A report from CITIC Securities says that default risk in relation to state-owned enterprise (SOE) debt has surged following booming growth in the Chinese bond market.
According to the report since the start of the second half a total of 10 Chinese SOE’s have either defaulted on or rolled over their bonds, while the combined bond balance of these entities is currently 102.831 billion yuan (approx. USD$15.7 Billion).
“SOE credit risk has transformed from a hidden concern into a reality,” said the report. “A succession of risk incidents have taken place since the end of October, with the defaults of some entities in excess of forecasts triggering sizeable market volatility and widespread concern amongst investors.”
The report points out that many of the defaulting entities are local SOE’s with low profitability levels and sizeable debt burdens.
As of 20 November a total of 10.92 trillion yuan in new credit bonds had been issued in 2020, for compound growth of 21.8% over the past decade.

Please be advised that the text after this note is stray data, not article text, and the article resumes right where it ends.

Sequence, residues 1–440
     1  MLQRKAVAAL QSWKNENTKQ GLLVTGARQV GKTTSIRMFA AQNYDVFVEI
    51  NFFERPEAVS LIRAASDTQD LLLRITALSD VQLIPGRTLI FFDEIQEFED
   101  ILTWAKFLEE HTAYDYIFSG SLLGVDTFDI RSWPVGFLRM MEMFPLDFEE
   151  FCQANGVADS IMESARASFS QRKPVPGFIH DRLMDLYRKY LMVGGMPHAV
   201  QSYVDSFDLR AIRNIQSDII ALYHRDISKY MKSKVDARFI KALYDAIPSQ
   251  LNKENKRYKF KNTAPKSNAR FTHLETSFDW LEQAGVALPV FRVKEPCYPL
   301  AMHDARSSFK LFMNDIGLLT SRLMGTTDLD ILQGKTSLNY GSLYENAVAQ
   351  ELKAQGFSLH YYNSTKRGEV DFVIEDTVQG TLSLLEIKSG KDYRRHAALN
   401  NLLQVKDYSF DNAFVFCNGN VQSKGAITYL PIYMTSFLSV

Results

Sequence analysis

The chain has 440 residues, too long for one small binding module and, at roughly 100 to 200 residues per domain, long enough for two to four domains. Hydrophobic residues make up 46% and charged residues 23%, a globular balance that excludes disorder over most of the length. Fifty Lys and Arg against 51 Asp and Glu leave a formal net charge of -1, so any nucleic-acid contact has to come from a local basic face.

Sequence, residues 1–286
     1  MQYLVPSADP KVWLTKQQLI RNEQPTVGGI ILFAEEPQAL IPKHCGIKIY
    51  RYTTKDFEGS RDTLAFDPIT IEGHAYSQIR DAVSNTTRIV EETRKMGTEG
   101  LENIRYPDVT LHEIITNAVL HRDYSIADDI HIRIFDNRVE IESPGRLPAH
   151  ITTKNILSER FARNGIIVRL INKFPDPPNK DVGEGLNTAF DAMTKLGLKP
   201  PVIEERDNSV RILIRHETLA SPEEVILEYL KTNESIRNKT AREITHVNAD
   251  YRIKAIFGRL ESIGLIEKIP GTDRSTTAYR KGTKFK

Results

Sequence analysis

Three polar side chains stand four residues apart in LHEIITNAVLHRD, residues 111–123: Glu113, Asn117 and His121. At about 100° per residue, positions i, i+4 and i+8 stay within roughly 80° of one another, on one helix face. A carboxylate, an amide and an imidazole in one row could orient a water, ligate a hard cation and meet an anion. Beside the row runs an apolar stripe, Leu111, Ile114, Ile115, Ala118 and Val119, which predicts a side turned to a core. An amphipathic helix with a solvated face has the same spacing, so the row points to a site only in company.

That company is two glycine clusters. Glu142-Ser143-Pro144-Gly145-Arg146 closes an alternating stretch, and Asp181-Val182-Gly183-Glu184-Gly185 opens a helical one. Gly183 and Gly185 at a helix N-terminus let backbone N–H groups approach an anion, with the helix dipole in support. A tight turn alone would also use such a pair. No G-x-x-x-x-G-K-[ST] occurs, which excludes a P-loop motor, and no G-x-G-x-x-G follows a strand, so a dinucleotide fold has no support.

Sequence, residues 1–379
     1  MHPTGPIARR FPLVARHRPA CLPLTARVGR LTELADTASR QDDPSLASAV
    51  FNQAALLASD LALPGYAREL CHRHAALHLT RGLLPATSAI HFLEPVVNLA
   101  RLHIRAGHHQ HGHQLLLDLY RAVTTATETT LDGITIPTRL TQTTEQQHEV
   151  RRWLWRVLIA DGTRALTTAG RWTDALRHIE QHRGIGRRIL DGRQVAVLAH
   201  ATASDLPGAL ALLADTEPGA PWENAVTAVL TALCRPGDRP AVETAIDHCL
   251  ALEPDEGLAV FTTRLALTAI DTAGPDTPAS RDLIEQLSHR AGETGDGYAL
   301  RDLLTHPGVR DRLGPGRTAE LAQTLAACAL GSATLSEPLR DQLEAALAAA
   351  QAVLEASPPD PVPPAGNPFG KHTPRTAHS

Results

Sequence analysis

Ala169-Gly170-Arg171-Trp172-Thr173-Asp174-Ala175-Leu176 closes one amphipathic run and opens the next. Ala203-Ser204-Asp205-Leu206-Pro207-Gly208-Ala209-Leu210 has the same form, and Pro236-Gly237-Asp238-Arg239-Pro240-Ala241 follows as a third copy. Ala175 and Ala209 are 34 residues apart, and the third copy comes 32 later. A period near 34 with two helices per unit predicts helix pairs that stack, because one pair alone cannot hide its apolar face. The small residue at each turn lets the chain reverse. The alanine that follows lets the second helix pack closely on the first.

Yongcheng Coal & Electricity Holding Group – an SOE based in Henan province, announced on 10 November that it was defaulting on one billion yuan (approx. USD$152 million) in short-term bonds that it had issued just weeks previously.
A meeting of China’s Financial Stability and Development Committee (FSDC) convened on 21 November subsequently warned that more bond defaults would follow on the heels of Yongcheng Coal, and called for “standardisation of bond market growth.”
On 18 November the National Association of Financial Market Institutional Investors (交易商协会) issued the “Notice on Matters in Relation to Further Strengthening Standards for Debt Financial Instrument Issuance Operations” (关于进一步加强债务融资工具发行业务规范有关事项的通知), reiterating that issuers could not directly or indirectly subscribe for their own debt financing instruments, and calling for “further strengthening of self-disciplinary management and punishment.”